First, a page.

During the Lockdown of 2020 Paul Sherwood and I have led classes for D/G hurdy-gurdy players via Zoom and had a lot of fun doing them. Some players described it as the thing that they looked forward to the most during the week. Here are the tunes for you to download and a link to the Youtube playlist Lockdown-tunes All
If you have any questions about the tunes you can contact email@example.com
Friday 13th March 2020 Bridlington Contemporary Art Gallery
Rebecca Folds Gallery Programmer:
‘On Friday evening the gallery space at Bridlington Contemporary was packed with an expectant audience, eager to hear the renowned hurdy-gurdy player, Quentin Budworth. We had seen Quentin before at the Hull Folk Festival with the band Celtarabia. That was a massively amplified, foot-stomping, head-banging, stadium rock performance on an outdoor stage with a huge crowd of festival goers dancing their socks off.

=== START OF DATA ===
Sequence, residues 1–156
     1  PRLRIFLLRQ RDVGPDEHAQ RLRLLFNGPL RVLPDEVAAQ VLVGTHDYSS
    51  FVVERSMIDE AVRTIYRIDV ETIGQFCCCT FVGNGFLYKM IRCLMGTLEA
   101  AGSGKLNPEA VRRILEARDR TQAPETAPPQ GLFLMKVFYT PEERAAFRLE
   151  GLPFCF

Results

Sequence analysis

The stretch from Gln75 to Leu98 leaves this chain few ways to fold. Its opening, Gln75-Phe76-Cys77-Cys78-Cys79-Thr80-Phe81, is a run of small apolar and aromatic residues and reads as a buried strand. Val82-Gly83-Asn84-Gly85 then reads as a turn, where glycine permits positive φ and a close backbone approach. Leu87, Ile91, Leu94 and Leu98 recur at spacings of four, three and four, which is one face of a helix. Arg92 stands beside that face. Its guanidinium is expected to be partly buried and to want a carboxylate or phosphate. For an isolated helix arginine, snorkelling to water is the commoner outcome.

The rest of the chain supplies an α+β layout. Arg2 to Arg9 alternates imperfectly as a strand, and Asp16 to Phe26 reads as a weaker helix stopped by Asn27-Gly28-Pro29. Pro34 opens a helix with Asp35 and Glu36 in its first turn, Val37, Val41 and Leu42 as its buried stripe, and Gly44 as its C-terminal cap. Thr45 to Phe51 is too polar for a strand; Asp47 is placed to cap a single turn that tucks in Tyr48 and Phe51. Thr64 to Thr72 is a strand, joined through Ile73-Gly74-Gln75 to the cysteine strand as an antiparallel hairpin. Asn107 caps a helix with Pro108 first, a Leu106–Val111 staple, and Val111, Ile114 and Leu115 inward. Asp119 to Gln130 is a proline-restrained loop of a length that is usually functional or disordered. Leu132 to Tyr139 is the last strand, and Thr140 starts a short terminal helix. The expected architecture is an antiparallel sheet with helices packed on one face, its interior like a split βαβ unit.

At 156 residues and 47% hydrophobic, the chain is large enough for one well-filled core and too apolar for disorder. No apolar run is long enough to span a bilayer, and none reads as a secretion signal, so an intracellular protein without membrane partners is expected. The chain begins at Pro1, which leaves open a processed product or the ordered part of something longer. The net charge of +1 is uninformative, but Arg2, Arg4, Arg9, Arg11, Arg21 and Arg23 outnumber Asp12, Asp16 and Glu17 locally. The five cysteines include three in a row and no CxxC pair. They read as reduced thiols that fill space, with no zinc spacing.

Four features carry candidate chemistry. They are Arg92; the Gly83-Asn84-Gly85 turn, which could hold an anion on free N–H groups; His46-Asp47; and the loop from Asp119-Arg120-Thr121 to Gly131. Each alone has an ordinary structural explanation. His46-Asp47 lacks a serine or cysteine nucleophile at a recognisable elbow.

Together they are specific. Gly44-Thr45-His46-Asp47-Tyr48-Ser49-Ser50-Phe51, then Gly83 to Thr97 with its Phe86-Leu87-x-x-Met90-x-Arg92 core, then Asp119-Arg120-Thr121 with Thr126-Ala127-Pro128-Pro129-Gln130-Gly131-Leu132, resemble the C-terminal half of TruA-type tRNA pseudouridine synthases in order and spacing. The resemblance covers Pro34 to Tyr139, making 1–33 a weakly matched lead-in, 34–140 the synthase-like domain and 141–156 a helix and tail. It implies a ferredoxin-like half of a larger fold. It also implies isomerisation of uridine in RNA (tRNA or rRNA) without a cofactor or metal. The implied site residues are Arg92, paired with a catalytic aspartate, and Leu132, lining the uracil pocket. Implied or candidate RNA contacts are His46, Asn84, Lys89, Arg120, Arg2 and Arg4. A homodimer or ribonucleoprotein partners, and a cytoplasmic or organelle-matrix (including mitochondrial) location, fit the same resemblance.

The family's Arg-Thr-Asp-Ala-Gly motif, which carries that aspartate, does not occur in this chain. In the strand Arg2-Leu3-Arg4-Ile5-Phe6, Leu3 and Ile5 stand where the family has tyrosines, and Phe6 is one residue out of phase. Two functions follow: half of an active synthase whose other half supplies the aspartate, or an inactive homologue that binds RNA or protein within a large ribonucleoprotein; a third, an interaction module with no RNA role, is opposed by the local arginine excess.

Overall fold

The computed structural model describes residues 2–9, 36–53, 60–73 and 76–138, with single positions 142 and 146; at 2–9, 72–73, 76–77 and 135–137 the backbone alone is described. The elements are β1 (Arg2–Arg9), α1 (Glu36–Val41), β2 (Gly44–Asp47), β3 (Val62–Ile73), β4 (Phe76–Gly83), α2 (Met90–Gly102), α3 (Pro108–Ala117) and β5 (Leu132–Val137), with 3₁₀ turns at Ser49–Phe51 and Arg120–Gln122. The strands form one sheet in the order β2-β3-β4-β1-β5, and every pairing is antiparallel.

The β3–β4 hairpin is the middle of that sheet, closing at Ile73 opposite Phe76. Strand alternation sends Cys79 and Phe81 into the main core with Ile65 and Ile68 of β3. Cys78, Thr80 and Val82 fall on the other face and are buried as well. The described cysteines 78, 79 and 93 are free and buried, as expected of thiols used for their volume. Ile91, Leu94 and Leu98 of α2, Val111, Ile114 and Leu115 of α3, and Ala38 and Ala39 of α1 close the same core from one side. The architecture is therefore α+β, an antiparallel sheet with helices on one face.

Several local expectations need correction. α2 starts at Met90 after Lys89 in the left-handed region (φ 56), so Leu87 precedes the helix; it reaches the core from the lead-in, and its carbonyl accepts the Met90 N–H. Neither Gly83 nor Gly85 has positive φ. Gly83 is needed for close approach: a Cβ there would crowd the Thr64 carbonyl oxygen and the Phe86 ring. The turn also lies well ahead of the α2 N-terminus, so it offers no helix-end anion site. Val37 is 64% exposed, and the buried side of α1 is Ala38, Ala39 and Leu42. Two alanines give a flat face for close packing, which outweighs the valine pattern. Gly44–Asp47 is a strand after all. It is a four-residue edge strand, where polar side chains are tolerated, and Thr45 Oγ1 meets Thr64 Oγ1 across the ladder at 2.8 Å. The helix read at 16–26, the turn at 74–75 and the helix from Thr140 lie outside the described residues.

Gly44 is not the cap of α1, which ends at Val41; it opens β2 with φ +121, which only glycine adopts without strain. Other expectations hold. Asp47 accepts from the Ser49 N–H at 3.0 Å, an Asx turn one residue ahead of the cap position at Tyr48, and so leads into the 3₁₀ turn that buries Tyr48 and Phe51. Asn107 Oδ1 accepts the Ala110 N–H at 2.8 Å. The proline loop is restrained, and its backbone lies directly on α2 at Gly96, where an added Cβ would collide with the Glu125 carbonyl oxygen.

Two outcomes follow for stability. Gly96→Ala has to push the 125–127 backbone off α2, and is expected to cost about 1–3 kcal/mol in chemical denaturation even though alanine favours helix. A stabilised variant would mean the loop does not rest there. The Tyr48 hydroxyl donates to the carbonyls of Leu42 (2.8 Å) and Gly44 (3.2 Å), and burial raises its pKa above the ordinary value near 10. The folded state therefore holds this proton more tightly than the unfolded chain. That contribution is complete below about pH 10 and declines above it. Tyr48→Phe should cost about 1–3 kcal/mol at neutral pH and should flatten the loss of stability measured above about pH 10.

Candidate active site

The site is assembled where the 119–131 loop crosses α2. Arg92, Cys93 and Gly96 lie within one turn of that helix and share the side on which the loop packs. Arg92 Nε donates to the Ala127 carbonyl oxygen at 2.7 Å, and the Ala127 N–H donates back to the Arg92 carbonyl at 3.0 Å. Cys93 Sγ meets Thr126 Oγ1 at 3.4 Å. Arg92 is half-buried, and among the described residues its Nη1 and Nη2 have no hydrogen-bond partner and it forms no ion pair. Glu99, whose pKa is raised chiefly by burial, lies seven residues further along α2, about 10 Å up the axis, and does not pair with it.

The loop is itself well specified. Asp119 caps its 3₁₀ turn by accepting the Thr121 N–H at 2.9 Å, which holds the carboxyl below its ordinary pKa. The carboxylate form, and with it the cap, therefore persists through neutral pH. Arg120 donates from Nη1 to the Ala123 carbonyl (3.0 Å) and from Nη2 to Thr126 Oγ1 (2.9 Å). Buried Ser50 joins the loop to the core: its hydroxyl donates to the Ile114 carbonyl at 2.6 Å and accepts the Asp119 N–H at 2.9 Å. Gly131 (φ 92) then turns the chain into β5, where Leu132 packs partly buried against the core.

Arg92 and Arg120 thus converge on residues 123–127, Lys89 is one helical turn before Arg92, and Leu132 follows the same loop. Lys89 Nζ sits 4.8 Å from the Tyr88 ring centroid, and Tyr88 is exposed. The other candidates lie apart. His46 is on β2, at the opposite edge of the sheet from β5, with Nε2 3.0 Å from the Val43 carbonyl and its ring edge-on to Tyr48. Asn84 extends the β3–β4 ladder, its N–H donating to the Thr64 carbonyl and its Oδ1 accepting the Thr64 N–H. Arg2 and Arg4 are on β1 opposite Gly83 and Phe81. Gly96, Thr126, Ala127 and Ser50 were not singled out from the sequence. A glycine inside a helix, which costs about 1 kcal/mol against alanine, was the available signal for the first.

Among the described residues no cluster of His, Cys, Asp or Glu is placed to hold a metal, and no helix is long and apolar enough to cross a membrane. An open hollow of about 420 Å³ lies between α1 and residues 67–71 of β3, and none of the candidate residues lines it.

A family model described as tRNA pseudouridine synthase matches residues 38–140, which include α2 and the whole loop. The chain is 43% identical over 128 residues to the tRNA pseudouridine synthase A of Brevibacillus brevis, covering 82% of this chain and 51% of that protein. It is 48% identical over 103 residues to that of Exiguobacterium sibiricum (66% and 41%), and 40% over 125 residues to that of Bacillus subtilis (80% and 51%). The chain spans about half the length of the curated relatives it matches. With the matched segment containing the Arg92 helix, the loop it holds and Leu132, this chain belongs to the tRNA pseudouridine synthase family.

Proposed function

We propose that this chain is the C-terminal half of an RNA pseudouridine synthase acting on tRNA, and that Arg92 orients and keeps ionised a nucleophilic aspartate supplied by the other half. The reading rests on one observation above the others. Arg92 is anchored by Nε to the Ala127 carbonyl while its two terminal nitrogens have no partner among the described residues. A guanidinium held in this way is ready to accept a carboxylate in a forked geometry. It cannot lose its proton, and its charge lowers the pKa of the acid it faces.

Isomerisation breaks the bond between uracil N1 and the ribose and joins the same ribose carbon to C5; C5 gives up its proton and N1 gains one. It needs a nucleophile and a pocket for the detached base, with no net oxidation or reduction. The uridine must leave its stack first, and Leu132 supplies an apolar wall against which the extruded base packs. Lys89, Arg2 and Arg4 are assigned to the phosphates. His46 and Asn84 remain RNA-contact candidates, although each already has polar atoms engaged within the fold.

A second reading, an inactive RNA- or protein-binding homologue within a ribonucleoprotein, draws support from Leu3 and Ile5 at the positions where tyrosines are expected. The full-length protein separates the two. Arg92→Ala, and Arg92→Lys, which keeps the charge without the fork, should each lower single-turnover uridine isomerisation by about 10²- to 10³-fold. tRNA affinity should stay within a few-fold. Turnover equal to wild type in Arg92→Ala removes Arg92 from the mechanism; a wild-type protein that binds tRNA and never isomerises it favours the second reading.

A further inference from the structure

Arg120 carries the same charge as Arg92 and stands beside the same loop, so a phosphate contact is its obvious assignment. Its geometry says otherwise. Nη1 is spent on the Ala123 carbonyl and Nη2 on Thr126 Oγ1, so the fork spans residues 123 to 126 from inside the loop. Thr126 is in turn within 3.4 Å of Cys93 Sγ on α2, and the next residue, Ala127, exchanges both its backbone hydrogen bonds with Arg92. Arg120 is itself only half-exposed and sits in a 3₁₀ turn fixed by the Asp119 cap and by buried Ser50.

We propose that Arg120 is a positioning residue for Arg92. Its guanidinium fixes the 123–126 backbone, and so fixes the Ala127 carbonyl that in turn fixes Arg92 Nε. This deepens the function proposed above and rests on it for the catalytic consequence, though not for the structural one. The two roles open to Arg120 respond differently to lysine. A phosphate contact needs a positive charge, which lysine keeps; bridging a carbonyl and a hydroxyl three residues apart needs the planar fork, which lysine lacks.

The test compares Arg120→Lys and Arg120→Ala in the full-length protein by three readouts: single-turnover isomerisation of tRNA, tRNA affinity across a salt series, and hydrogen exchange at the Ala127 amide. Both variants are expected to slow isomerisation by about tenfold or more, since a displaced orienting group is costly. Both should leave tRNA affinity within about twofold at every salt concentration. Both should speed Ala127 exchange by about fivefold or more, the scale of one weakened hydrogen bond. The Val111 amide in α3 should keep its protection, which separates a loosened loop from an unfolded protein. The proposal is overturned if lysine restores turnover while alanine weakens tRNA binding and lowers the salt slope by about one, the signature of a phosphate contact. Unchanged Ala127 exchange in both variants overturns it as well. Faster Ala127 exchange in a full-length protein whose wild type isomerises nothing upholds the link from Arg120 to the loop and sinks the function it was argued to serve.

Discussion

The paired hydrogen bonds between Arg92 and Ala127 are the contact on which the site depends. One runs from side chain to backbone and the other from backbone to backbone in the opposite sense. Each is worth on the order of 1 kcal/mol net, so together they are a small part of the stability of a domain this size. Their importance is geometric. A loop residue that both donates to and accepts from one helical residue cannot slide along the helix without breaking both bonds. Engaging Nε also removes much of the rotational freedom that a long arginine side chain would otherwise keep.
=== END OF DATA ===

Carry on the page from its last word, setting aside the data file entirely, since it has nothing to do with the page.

It was a surprise and delight to see him in this more intimate setting, transformed from rock god into an entertaining and informative raconteur showing us the more subtle and thoughtful side of his musicianship.
With the help of an Arts Council Grant, Quentin had spent 2019 travelling through the UK and Europe visiting centres of musical excellence, meeting and playing with and learning from the best musicians, composers and instrument makers who form a quite remarkable international community.